In the midst of hurricane season, the primary connection that comes to mind between these natural disasters and supply chains is the threat of storms delaying, diverting or destroying freight. But for transportation, another impact comes in the aftermath of a hurricane, as many freight providers - involved in trucking particularly - are contracted with FEMA for disaster relief. And even truckers not directly contracted with the government may turn their attention to disaster relief - taking a break from their regularly scheduled routes to carry loads of essential items like food, water, medical supplies and more to affected areas, both to help those in need and potentially see higher rates. Either way, it's generally accepted that some serious freight capacity shifts into disaster relief following hurricanes - and justifiably so - even if some disagree. Disaster relief efforts extend the impact of hurricanes on freight, as even before a storm's arrival, activity tends to ramp up to beat adverse conditions and get loads delivered. And once a storm has passed, while many do work to deliver to disaster areas, others undertaking regular freight operations often look to avoid those affected regions due to anticipated issues getting through smoothly. Because of all these shifts related to hurricane disaster relief, the trucking market particularly typically sees capacity issues, reliability issues and higher costs surrounding storms. And the effects reverberate to regions not directly in the storm's path, as well as other freight modes.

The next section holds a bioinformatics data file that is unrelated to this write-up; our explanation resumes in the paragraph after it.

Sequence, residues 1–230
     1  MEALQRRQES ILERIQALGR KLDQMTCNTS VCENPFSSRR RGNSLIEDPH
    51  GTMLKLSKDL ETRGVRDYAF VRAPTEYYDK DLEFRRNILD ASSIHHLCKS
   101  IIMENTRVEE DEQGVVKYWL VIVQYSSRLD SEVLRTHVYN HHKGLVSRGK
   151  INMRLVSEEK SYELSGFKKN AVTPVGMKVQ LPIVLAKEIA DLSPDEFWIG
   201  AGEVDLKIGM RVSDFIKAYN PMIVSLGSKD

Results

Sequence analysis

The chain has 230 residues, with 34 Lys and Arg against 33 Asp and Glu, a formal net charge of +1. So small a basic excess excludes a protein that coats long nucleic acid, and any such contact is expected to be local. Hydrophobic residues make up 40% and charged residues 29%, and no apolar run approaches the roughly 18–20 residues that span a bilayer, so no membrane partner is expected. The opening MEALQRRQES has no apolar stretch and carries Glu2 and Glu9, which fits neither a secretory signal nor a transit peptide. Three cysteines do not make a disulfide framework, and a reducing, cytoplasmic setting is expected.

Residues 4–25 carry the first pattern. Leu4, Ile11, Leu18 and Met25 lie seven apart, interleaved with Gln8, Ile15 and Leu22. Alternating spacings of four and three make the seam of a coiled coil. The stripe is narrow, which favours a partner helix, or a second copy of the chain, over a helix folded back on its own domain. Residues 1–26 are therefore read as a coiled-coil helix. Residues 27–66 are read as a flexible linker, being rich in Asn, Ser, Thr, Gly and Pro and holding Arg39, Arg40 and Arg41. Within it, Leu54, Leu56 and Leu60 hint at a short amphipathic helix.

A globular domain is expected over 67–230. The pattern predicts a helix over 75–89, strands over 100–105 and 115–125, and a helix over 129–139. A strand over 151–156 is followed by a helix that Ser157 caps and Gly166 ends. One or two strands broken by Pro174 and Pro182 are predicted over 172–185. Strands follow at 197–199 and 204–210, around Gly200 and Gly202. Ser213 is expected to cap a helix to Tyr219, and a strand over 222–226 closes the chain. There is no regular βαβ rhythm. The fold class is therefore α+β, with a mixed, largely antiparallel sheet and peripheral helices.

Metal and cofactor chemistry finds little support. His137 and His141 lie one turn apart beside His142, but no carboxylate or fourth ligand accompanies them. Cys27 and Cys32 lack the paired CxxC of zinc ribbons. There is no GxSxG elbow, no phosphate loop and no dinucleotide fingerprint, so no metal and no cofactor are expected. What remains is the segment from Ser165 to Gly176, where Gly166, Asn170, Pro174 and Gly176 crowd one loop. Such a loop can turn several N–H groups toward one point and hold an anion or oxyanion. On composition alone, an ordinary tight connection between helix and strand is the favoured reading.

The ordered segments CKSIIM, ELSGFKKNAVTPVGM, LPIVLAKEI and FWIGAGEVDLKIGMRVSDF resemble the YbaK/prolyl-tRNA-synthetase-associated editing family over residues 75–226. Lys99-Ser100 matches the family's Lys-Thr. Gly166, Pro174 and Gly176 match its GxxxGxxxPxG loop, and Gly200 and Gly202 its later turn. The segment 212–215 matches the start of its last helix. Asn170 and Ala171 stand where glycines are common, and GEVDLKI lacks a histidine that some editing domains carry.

As the countdown to a potential strike date continues, three of 12 labor unions have reportedly agreed to terms with Class I railroads on a new contract. While the agreement means disruptions will be avoided in areas where those union workers staff railroads, it still leaves three quarters of unions in ongoing negotiations with the date of an allowable work stoppage looming in mid-September. Focusing on the deal that has been reached, the three unions represent about 15,000 railroad workers - members of the International Association of Machinists, the Transportation Communications Union and the Brotherhood of Railway Carmen and making up the International Association of Machinists Rail Division. It's a five year agreement with the NCCC (the Class I railroads) which covers the previous two years and the next three. In essence, the agreement follows the recommendations of the Presidential Emergency Board (PEB) No. 250, with a 22% nominal and 24% compounded total salary increase, five $1,000 bonuses for service recognition and one additional paid day off.
Hurricane season technically runs from June 1 to November 30, and freight keeps moving throughout. But as the peak of hurricane season approaches - coincidentally enough during peak freight season - it's important to remember how these major storms can throw a wrench into supply chains. Whether shipping through areas susceptible to hurricanes or not, logistics professionals always need to keep an eye on storm development during these months, as storms can have both direct and indirect impacts. On the direct side, a hurricane affects freight primarily by delaying or rerouting movement of ships, trucks and trains in areas that are in a storm's path, or directly damaging freight either while in transit or in storage. This can occur through damage to roads, rails, ports, warehouses, etc., power outages, high winds making travel unsafe, flooding and more. Indirectly, hurricanes can damage raw materials or warehouses taking out a link in supply chains, lead to backups in other areas as freight is rerouted, cause shifts in the supply and demand equation, and lead to redirected capacity and transportation resources - partly due to FEMA contracts and partly voluntarily - to hurricane recovery efforts. As you can see, the impacts of hurricane season on freight can be far reaching, causing anything from delivery delays to higher prices to product - and fuel - scarcity.